How to use long tail keywords to rank higher on Google.

Getting your website to rank highly on Google can be difficult. The whole world is competing to produce the perfect page. One that Google can read easily, understand well, and consider to be high quality enough to rank highly. There are dozens of supposed easy wins to make your content rank higher than someone else’s. Are any of them true? To some extent, yes, but not any more than any of the other simple quick-fix solutions. In reality getting your content to rank highly is a long, slow and arduous process of measuring, fixing and measuring again.

Except… is it always? The answer is, it depends on what you are trying to rank for. If you are trying to rank first for a keyword like ‘insurance’, you may find that you have a tough time of it. However, if you are trying to rank for ‘cheap home insurance quotes in Macclesfield’, you might find it a lot easier. This is where long tail keywords enter the picture. Often the longer the tail your keyword has, the easier it is to rank for.

What are long tail keywords?

Long tail keywords are keywords of a greater length than a few words. Fundamentally, they are longer and more specific keywords that closer match a specific search intent, rather than a broader one.
Think about how you might search for something. If you are looking for a used car dealership, you might search for ‘used cars’. However, that could produce all sorts of national and international used car dealers, not one you might actually visit. So instead, you might search ‘used car dealer near me’, or ‘used car dealership Macclesfield’, for example. These are longer tail keywords – more detailed, more specific, and more indicative of a particular intent.

Why use long tail keywords?

Because it’s easier to rank higher for them. There we go – time to move on.
Well, there’s a bit more to it than that… long tail keywords are generally easier to rank for than shorter tailed keywords. This is due to the way that Google works. Think of it as like trying to break a world record. It’s much easier to break a world record for something really specific, like the most candles fit up your nose while unicycling backwards than it is for something common, like the most hotdogs eaten in one hour. The same is roughly true of search enquiries.

Secondly, long tail keywords tend to indicate a desire to act in a particular way. A person searching for ‘recipes’ might just be looking for inspiration. A person searching for ‘best way to make carrot cake UK’ is looking for something much more specific. If you want people to reach your baking blog (from which they might make an affiliate purchase), then targeting the long tail keyword is much more likely to get results than targeting a longer tail keyword.

How should I choose a long tail keyword?

Choosing the right long tail keyword to focus on is not an immediate process. You might need to test out a few options before you decide where you want to put your attentions.
There are a few potential ways to decide on a long tail keyword. Firstly, consider whether there are particular keywords that you already do well on and want to maintain – or whether there are target keywords you’d like to do better on. Secondly, start a search on Google. There will be a range of suggested search queries when you start typing. Many of these are appropriate for a long tail search query.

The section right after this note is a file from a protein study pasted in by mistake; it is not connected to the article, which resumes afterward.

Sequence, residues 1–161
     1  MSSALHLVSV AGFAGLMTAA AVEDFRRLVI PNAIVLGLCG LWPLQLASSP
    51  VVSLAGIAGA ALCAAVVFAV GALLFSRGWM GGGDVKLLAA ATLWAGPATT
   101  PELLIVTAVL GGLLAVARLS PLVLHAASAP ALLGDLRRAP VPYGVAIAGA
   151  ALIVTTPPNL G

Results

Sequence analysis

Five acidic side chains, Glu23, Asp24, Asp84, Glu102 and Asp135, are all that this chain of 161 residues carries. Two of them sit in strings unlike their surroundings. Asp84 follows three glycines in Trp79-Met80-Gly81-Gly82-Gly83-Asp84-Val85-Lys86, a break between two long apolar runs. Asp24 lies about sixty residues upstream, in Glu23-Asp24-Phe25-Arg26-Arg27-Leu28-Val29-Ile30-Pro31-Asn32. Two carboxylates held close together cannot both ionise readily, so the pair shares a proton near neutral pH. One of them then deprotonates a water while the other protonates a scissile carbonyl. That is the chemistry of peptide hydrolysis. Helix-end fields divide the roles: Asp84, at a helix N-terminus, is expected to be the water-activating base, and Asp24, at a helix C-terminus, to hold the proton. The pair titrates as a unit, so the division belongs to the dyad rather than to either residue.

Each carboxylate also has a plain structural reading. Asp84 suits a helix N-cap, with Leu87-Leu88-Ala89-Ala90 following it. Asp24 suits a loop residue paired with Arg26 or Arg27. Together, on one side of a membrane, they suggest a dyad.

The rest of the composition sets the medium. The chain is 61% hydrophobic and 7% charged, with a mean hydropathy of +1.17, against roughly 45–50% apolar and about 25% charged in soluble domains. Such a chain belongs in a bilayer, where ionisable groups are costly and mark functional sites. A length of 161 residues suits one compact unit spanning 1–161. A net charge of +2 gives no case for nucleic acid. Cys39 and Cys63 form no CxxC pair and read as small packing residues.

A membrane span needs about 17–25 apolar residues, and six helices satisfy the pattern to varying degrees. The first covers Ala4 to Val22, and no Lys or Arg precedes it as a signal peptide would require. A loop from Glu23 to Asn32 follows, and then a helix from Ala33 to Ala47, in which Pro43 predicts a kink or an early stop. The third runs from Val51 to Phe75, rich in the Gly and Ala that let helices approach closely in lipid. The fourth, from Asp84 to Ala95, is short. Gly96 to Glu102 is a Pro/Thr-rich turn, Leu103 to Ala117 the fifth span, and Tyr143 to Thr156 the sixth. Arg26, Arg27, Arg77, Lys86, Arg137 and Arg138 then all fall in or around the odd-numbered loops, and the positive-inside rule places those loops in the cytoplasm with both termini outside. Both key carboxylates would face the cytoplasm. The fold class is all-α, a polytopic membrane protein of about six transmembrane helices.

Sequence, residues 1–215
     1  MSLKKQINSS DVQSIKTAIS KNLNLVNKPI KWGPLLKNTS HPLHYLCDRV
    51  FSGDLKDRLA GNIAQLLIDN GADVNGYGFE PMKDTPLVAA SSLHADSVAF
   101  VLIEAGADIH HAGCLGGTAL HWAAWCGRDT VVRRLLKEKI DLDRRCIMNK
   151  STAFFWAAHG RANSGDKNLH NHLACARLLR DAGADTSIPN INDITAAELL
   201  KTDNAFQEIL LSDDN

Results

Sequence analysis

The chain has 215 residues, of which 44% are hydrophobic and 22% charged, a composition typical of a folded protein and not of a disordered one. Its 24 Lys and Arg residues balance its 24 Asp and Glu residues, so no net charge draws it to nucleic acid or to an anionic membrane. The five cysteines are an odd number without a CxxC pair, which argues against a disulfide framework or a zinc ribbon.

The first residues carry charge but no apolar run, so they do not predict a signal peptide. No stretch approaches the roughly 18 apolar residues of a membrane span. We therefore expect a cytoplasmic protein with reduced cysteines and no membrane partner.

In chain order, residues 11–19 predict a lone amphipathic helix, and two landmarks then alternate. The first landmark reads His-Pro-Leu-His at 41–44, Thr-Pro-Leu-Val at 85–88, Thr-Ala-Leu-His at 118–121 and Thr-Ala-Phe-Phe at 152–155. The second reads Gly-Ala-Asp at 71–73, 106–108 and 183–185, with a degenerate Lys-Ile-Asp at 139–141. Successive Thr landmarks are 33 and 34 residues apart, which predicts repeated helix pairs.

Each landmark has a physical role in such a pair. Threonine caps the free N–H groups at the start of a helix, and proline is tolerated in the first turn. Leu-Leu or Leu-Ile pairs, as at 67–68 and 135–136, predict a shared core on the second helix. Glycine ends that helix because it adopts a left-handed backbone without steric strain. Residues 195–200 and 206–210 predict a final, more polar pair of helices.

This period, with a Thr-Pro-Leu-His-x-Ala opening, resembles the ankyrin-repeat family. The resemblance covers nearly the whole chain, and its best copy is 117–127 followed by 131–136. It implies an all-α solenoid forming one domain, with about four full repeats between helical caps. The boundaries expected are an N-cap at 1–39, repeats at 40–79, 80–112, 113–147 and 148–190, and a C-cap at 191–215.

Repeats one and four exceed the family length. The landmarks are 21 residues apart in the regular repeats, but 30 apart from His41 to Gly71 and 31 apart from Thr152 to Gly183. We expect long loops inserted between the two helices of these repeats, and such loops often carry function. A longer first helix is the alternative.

How to use long tail keywords


What is your objective with this content? Are you trying to build a rapport with customers? Are you trying to show your expertise in a particular field? Are you trying to spread awareness of your products? The long tail keywords you choose need to be built around the plans you have.


What is your customer trying to do? It’s important to focus your long tail keyword usage on particular user intents. Are your users trying to find specific products? If so, then their long tail search queries are likely to name products / ideas with a specifier – a location / area / price range / type.


Once you know the sort of keyword you want, you need to choose it. This needs you to be able to use a keyword research tool – like Ahrefs, Semrush, Ubersuggest or another. Choosing the right keyword means selecting one that has enough search interest, but not so much that you stand no chance of ranking for it. Many keyword tools also allow you to focus on how difficult a particular keyword might be to rank for.


Using your keyword in your content is not enough. You need to write content that is engaging, relevant to the search user, and keyword optimised. Google reads articles in a way that is intended to be like a person. However, it isn’t quite there yet. As a result, you need to match what Google believes high quality content to be.

That is:

  • Unique
  • Engaging
  • Organised
  • Relevant

Many website CMS tools have built in keyword analysers. However, these are of varying quality. Generally, aim for your keyword to appear about every 200 words. However, writing well and structuring your content in a clear way is more important than slavish dedication to keyword frequencies.

Get help

Using any kind of content marketing is difficult, and can take a long time. Many people find different parts of the content marketing process tough – whether it’s research, writing, or checking in on the results. Fortunately, Gumpo are experts in every stage of the content marketing process. If you are struggling to make use of content, or are curious about how it can help your business prosper online, why not get in touch?

Get in contact today

Let’s talk about your content marketing future

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